Sourdough baguettes

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Shatteringly crisp baguettes, full of flavour and with wonderfully open crumb structure: surely the epitome of baking simplicity! Don’t get me wrong, I love throwing in goodies such as olives, roasted garlic, fresh herbs and the like in with doughs, but the refreshing lack of embellishments here absolutely hit the spot.

About this recipe

I have baked my way through many sourdough baguette recipes over the years, tweaking things here and there, as well as incorporating other flavours as I feel at the time, but this is one I come back to time and time again, given to me by a friend many years ago.

My only tweaks are:

  • increasing the water content
  • reducing the amount of starter

The dough really doesn’t need much starter: while the dough doesn’t seem to rise a lot, and you might feel as it has all been a disaster, once it goes into the oven it will significantly expand.

Sourdough baking

I have waxed lyrical about the joys of baking sourdough bread on many occasions and I cannot stop recommending it.

My key post on sourdough, which includes detailed guidance for making a starter, making loaves and dealing with things such as handling the dough, shaping and scoring can be found here.

Patience please!

They baguettes are very easy to make, needing just a bit of gentle stretching and folding initially, although you do need to wait for up to 2 days for the very best flavour: and I really cannot underplay the flavour of these baguettes!

That said, the dough simply waits for you in the fridge, developing its flavour as it sits there, until you are ready to shape it.

Recipe: sourdough baguettes – makes 6

  • 500g strong plain white flour
  • 100g strong wholemeal flour (or use rye flour or all strong white flour)
  • 420ml water (cold tap water is absolutely fine!)
  • 90g active sourdough starter (fed up to a day earlier)*
  • 12g fine sea salt mixed with 1 tablespoon cold water
  • fine semolina and/or rice flour to dust

*I normally feed it in the morning, so that I get to make up,the dough in the afternoon: see my notes on making sourdough starter in my sourdough bread post here.

(1) Mix the flours, starter, water to give a shaggy mass of dough. Cover with a damp tea towel and leave for an hour. Or even two hours: return when you are ready!

(2) Add the salt and its water and mix well into the dough with your fingers until fully incorporated.

(3) Do 4 stretch and fold sessions at about 30 minute intervals. The link to my sourdough post above gives the fuller details on stretching and folding. Ok, this will take a couple of hours in total but you can get on with other things…and the actual stretching and folding takes moments each time.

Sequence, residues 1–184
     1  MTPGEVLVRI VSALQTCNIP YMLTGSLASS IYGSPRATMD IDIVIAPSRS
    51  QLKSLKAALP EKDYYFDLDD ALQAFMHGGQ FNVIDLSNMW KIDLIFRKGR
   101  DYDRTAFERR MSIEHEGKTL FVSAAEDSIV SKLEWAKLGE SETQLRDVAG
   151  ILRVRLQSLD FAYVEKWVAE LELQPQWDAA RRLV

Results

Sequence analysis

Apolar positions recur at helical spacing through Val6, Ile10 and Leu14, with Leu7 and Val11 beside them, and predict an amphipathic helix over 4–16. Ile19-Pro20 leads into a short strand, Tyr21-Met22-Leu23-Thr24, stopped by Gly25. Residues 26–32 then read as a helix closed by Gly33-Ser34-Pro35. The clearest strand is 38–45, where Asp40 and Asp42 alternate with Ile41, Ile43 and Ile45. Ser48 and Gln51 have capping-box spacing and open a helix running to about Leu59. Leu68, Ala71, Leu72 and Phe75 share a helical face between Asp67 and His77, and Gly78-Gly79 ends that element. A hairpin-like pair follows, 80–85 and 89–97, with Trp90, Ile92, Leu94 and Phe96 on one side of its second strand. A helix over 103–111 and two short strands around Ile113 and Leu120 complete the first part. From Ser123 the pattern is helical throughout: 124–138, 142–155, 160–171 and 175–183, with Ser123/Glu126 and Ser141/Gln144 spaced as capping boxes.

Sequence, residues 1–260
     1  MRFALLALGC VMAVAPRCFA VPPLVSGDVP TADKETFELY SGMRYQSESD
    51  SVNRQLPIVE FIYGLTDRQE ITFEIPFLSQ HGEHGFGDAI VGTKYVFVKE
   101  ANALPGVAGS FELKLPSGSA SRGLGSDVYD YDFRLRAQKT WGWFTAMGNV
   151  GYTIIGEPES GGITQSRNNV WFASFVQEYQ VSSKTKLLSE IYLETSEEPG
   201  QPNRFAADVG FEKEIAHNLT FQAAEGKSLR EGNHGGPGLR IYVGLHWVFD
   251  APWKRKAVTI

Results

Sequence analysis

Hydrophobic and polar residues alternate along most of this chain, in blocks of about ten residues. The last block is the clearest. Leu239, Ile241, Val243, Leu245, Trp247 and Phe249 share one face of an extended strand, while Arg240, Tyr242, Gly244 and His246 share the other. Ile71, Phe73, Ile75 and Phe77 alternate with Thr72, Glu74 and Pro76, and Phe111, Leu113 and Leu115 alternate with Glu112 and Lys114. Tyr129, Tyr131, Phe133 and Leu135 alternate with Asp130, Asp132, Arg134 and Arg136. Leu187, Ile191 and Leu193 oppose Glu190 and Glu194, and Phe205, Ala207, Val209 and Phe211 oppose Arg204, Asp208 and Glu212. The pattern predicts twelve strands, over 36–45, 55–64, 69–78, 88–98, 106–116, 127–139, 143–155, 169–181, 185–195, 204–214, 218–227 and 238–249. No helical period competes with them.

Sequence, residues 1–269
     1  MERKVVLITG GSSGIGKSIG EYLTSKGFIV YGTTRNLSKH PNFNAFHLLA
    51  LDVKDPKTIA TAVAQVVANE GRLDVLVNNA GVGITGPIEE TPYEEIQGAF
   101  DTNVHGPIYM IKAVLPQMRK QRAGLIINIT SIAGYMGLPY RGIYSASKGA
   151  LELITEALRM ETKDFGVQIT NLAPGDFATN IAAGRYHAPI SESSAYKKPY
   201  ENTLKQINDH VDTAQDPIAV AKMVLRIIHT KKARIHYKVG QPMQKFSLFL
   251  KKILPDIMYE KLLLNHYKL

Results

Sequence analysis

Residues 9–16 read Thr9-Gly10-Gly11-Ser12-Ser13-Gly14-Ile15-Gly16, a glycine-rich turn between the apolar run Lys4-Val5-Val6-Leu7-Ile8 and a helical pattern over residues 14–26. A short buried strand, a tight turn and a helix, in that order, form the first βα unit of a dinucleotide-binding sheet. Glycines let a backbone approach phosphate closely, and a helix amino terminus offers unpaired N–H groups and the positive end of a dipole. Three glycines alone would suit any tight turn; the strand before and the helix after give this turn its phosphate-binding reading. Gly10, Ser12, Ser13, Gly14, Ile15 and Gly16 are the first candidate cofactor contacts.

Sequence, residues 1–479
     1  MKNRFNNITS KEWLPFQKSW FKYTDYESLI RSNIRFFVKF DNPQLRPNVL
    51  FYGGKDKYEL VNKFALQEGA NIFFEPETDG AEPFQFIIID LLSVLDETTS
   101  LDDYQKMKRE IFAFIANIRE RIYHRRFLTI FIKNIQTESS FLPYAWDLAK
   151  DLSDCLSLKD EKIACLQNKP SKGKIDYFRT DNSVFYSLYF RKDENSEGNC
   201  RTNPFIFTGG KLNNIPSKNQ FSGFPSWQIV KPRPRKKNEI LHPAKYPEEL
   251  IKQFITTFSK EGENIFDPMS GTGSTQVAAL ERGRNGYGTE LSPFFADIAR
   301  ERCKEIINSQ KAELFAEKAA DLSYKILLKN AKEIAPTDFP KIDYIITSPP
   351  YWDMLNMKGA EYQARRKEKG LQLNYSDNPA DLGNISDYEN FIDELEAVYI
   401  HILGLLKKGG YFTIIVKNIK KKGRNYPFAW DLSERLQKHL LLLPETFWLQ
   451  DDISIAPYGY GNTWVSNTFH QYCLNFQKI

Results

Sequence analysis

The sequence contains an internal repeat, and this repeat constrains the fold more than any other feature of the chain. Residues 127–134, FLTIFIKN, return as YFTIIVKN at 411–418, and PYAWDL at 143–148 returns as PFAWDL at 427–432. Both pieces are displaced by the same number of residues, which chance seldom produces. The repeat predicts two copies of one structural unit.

(4) Refrigerate for up to 48 hours, covered with clingfilm:  it will rise in the fridge very slowly, to about half its original volume. The longer you leave it, the tangier and more open crumbed the bread will be. Alternatively, you can leave at room temperature.

(5) Remove the dough from the fridge and leave to come to room temperature for an hour or two.

(6) Gently turn the dough out onto a work surface that has been lightly dusted with fine semolina and/or rice flour. Cut into six equal pieces.

(7) Lightly stretch each piece to a rectangle that is a little shorter than the length of the baguette tray and roll up fairly tightly like a Swiss roll. Using both hands, gently roll down the length of the dough, putting a little more pressure at the ends to taper them a little. You need to go gently as you want to keep as many air bubbles in the dough as possible.

(8) Lift onto baguette trays, seam-side down, that have either been liberally dusted with rice flour and/semolina or have a strip of greaseproof paper place on them. Alternatively, place on well dusted baking cloths, tea towels, crinkling the cloths to form ridges to hold the dough in shape.

(9) Dust the tops with more rice flour and/or semolina and cover loosely. Leave to prove at room temperature for an hour or two to slightly rise.

(10) While the baguettes are rising, preheat the oven to the highest setting and place solid roasting tin in the bottom of the oven (this will be for water to be poured on to create steam).

(11) Dust with a little rice flour and/or semolina, slash diagonally a few with a sharp knife. If using baking cloths/tea towels, remove gently onto a hot solid baking sheet: I normally pop one into the oven while the oven is preheating.

(12) Place in the oven and after 10 minutes turn the temperature down to 220C for a further 20-30 minutes until well risen and deep brown.

(13) Transfer to wire racks to cool. And then really enjoy these!

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